OPINION: First the revelation, then the ruckus, finally the reasoning. In time-honoured Christchurch City Council fashion, it has taken more than a week for the rationale to come out, this time over the contentious decision to grant staff extra leave.
The council's chief executive, Tony Marryatt, must have known his latest in-house scheme was akin to a bulging keg of gunpowder poised to explode across the city.
The fuse was lit when it became known he had seemingly unilaterally granted nearly 2000 full and part-time employees one additional day of leave each month for the next 11 months.
While Marryatt clearly had the best of intentions in doing this, and was acting as a generous and supportive chief executive to a workforce as much affected by earthquake stress as the remainder of Christchurch, he appeared, again, to have miscalculated the likely public response.
Either that, or he did consider it and carried on regardless.
Unfortunately, in doing so he played right into his adversaries' hands. Disaffected and angry residents were biding their time waiting for the next manoeuvre that might suggest he was playing fast and loose with their hard-earned rates money.
City councillors, who were as much in the dark about it as anyone else beyond council headquarters, were outraged and threatened to complain. Business leaders considered it nothing less than a scandal that would set dangerous precedents for other employers in the region.
All of this, of course, played out through the lens of the media. It became the biggest council controversy since it was revealed Marryatt had taken a ratepayer-funded personal grievance case against councillors for what were believed to be public comments made after his $68,000 pay rise before Christmas last year.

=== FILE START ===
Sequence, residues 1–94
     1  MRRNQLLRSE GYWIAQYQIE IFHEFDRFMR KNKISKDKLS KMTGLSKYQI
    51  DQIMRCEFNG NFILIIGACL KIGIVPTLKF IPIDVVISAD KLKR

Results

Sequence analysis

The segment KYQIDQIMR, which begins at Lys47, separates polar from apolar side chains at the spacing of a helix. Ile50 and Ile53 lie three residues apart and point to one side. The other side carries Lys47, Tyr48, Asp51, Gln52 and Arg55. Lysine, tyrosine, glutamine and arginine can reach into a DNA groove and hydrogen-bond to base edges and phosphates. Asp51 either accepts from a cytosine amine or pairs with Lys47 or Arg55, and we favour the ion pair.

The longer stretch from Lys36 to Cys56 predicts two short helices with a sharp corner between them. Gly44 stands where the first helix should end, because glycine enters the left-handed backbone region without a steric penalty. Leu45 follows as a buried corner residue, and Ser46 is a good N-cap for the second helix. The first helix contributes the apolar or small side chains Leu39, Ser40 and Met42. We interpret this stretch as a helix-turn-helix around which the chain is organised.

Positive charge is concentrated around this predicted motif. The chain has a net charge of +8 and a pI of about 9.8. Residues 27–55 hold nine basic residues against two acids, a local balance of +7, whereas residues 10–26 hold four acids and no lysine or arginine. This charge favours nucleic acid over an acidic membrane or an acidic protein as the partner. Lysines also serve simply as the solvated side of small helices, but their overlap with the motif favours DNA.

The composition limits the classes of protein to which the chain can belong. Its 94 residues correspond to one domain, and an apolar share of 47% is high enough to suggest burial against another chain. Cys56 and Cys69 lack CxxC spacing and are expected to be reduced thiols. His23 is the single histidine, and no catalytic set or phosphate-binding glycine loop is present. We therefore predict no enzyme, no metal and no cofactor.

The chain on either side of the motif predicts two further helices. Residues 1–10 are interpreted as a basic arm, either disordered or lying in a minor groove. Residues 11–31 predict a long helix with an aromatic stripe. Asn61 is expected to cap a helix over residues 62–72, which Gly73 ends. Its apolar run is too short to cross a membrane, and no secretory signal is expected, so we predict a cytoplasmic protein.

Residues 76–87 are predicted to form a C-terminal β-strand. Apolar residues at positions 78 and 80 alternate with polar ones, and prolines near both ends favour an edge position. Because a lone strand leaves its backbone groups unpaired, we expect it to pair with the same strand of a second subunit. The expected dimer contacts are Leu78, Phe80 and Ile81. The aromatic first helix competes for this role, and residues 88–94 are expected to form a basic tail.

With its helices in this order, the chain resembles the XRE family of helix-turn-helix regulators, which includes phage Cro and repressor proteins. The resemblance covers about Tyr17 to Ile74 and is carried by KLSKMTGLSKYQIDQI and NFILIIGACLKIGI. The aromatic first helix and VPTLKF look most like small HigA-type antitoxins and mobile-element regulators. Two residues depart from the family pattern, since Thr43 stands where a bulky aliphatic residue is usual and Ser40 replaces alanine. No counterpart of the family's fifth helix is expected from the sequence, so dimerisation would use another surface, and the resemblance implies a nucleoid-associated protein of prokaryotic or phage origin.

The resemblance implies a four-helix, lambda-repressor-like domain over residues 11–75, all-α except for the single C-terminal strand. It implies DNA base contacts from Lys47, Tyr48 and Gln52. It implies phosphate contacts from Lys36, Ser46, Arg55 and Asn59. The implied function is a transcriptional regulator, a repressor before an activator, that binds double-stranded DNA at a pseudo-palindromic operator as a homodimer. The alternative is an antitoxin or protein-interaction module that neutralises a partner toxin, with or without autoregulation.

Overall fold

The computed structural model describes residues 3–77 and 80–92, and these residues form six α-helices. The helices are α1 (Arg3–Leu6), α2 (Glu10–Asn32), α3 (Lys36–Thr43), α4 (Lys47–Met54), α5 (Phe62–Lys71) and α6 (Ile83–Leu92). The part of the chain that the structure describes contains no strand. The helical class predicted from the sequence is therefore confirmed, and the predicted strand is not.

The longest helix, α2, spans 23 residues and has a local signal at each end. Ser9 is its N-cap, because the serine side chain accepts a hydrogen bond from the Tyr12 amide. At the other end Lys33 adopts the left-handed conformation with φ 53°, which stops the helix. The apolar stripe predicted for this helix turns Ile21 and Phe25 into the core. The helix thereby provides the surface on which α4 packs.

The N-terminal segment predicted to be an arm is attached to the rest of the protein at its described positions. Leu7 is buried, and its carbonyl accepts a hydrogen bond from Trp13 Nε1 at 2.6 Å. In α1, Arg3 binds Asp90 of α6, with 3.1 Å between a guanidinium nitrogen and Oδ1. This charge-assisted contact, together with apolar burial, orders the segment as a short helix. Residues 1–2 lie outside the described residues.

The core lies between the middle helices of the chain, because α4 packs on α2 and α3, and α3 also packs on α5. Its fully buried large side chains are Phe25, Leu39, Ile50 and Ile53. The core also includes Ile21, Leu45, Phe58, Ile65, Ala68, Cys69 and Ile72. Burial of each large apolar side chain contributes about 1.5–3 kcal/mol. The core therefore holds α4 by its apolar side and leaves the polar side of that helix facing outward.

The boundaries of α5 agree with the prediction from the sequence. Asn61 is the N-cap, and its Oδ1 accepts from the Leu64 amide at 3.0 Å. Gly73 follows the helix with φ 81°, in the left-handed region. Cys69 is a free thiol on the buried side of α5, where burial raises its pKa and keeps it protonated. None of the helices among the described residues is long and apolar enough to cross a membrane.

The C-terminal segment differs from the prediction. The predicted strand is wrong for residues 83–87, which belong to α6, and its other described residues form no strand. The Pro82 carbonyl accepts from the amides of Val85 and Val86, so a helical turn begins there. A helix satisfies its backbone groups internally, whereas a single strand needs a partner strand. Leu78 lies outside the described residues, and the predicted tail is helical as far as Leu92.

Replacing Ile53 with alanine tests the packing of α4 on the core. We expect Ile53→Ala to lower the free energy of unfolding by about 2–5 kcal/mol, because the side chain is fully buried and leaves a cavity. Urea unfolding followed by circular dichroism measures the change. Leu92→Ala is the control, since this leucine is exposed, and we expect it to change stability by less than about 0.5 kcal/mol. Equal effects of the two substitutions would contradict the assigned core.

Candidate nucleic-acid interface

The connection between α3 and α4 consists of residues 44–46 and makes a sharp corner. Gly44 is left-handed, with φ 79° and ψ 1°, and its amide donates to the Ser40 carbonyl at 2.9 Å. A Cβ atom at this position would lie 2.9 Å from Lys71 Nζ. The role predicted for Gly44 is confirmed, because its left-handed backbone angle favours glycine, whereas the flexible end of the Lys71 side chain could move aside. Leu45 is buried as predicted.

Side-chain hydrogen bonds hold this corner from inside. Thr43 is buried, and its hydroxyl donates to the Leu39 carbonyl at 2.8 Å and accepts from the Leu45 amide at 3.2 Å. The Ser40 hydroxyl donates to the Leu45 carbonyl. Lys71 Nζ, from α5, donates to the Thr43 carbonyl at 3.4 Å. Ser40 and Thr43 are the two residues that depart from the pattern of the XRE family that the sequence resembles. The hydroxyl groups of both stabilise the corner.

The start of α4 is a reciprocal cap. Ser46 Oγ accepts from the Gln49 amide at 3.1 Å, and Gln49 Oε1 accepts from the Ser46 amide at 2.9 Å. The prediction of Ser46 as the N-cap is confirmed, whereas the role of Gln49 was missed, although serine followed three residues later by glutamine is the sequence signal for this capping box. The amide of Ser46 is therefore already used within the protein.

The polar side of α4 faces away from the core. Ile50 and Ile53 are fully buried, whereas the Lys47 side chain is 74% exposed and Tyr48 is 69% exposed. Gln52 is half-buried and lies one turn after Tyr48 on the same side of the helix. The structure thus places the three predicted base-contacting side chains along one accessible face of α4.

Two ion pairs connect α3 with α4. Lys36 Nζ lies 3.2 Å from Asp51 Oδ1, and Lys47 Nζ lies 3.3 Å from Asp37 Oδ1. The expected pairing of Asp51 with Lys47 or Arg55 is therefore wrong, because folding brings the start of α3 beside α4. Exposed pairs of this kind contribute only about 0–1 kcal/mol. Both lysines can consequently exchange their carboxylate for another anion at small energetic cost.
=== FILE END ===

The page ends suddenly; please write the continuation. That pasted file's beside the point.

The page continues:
The fallout continues from that pay rise, which led 4000 people to march on the civic offices and call for him to be sacked, as does the subsequent evasiveness about whether he will actually pay back $26,000 of it.
The extra-leave fiasco has rumbled on all week. Attacks from business groups, through the Canterbury Employers' Chamber of Commerce, have become increasingly strident, reaching a head with the call on Tuesday from its chief executive Peter Townsend for a full and detailed inquiry.
On behalf of his members, Townsend wants the real costs of the leave scheme calculated - they were earlier estimated at between $4 million and $6m in lost productivity - and also questions whether there may have been breaches of delegated authority, saying if there were they should be identified and addressed.
In reply, and to his credit, Marryatt has finally moved to silence the baying hounds. In an attempt to cut through the veil of disapproval surrounding him, he has explained it was a decision made by him and his executive team to address the intensifying stress levels of council workers.
He said staff turnover and the use of sick leave had risen this year, and there had also been a five-fold increase in the use of internal counselling services. Marryatt outlined that the decision to introduce the extra leave was a way of slowing and stopping burnout among staff, who play an essential part in rebuilding Christchurch.
Better late than never, Marryatt has now laid the facts on the table for others to judge.
This is precisely the sort of transparency Christchurch ratepayers deserve to see more of from council. Conceivably, if this information had come out earlier it might have dampened down that keg of gunpowder and the subsequent criticism would have been far reduced.
Given Marryatt's efforts to assuage his vociferous critics, the business leaders who have clearly been targeting him and actively moving to kick him out could learn something themselves and turn over a new leaf in the interests of pulling together.
Divisions between council and business are not at all helpful at this critical time in the city's history.
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